Tap that potential

Published 8:44 pm Friday, May 2, 2008

By Staff
As the Turnage Theater ends its first main season, it’s time to congratulate the renovated performance venue for a job well done. The theater is adding significantly to Washington’s artistic and cultural offerings.
We hope the next main season will provide even more such offerings. As Robert Chumbley, executive director of the Turnage Theaters Foundation, points out in his May 1 column concerning the Turnage, the theater and its supporting amenities will have presented 27 events and six films in its inaugural main season. The Turnage has also opened its doors for numerous uses of its facilities by the community.
From music concerts to plays, the Turnage has provided a wide variety of entertainment choices. Those performances bring people, including first-time visitors, to Washington and Beaufort County. Because it does that, the Turnage is more than just an arts and cultural engine for the area. It’s an economic engine with plenty of potential.
This summer, Washington and Beaufort County should get at least a glimpse of what happens with that potential.
The Turnage is preparing for the East Carolina University/Loessin Summer Theater. ECU’s summer theater program is coming to the Turnage because ECU’s McGinnis Theatre is being renovated.
In May 2007, ECU officials met with Turnage Theaters Foundation representatives to develop strategies to bring performances — and revenue— to the Turnage complex after it was rehabilitated. Well, the Turnage has been rehabilitated. It’s presenting performances.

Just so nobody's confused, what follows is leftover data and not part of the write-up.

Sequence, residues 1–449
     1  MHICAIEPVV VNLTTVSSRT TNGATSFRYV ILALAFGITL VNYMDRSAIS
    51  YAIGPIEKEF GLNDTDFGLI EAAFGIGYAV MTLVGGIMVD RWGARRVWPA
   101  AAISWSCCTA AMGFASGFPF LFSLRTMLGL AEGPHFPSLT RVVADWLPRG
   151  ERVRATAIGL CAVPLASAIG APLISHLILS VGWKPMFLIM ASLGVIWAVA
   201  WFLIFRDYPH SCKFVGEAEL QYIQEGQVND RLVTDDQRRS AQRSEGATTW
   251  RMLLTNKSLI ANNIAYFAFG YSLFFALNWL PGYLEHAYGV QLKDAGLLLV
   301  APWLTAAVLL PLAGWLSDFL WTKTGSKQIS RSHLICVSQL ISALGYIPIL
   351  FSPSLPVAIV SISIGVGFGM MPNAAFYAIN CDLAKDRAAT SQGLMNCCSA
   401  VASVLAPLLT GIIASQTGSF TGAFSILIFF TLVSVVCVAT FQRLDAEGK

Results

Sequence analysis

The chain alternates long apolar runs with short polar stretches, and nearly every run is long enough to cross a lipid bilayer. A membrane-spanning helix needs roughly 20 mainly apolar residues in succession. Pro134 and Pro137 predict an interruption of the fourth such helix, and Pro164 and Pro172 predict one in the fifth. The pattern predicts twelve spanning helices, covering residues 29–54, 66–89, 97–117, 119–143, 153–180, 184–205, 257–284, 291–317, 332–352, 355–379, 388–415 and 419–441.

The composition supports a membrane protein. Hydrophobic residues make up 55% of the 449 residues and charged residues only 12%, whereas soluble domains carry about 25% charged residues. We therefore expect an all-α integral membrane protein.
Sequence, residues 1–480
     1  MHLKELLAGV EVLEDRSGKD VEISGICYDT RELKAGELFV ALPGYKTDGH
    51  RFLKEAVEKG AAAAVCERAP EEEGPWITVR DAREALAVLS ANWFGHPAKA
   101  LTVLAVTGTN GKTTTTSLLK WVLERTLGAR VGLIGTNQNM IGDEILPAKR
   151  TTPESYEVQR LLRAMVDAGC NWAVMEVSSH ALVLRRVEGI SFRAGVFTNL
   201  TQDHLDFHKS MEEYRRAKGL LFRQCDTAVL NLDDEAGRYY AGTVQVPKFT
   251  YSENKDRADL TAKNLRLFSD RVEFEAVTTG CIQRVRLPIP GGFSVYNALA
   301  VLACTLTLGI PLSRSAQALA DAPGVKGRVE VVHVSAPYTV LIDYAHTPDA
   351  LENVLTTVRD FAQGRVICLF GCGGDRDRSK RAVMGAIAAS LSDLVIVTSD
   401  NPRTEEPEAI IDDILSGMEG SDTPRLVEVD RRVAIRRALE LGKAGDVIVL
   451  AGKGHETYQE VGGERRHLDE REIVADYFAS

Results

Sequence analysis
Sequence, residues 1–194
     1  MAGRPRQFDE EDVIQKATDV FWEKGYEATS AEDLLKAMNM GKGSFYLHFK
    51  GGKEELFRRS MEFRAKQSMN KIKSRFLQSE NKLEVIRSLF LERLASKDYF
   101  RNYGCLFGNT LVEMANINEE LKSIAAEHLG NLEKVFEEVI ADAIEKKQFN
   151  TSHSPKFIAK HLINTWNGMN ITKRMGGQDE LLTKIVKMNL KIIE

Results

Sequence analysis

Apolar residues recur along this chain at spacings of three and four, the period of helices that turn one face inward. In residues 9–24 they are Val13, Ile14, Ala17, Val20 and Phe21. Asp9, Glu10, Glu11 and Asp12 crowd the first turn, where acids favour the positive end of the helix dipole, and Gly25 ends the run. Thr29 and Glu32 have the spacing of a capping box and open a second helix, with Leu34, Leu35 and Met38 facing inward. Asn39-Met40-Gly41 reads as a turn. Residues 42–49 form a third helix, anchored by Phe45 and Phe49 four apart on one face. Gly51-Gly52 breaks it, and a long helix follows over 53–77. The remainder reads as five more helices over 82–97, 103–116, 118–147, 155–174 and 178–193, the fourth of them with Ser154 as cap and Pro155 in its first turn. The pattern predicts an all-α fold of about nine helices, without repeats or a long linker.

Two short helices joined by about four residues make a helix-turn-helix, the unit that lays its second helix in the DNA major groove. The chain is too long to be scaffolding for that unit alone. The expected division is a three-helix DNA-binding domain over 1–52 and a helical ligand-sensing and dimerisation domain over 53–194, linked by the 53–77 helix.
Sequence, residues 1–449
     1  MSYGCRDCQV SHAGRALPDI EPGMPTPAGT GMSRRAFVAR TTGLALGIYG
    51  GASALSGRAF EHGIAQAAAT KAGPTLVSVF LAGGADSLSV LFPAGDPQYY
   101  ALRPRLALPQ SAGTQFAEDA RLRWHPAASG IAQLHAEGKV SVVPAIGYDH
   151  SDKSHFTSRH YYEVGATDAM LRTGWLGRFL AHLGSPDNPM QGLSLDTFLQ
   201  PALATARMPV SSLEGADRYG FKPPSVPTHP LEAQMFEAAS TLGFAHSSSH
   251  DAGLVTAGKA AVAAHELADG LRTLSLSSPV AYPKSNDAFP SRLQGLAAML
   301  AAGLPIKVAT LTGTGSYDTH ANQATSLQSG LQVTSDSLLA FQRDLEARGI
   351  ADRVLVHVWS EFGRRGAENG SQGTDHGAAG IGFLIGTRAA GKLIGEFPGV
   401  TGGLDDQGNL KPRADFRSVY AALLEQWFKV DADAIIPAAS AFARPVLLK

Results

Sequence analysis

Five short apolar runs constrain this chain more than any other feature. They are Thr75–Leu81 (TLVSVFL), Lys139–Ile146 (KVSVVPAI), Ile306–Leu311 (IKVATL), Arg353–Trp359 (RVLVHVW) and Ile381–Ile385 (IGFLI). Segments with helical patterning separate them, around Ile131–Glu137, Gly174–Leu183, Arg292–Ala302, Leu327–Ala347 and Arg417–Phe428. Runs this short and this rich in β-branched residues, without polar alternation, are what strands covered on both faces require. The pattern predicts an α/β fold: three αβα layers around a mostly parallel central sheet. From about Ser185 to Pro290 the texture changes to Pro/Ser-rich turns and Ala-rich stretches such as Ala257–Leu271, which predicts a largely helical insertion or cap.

During its second main season, it is hoped, the renovated Turnage can double or triple the number of events and activities it hosted in its first main season. That’s something the people who run the Turnage should be able to do.
Ballard’s statement was about the potential of the Turnage, which had not been opened for business when he made that remark. Almost a year later, the Turnage is open for business.
It’s time the potential became a reality. There’s no doubt the Turnage is working to become an economic-development tool for use by eastern North Carolina. The more events and activities at the Turnage, the more people visit Washington. The more people who visit the city, the more opportunities for shops and restaurants to find new customers.
To attract patrons, the Turnage will have to offer shows and events that people want to see.
Perhaps the Turnage should consider hosting a multiple-day film festival that features movies filmed in North Carolina or movies starring actors and actresses from North Carolina or with strong ties to the Old North State.
Cecil B. DeMille, Ava Gardner, Andy Griffith, Murray Hamilton, Jaime Pressly and Reginald VelJohnson either were born in North Carolina or have ties to the state. Movies such as “Nell,” starring Jodie Foster; “The Last of the Mohicans,” starring Daniel Day-Lewis, “Forrest Gump,” starring Tom Hanks; and “Bull Durham,” starring Kevin Costner, were filmed entirely or partially in North Carolina.
It’s an idea worth exploring.
The Turnage’s first main season indicates the theater can be a major player in the local economy. With a second main season not too far away, the Turnage has another opportunity to fulfill that role. Doing that would be good for the Turnage and the region.
Break a leg, Turnage.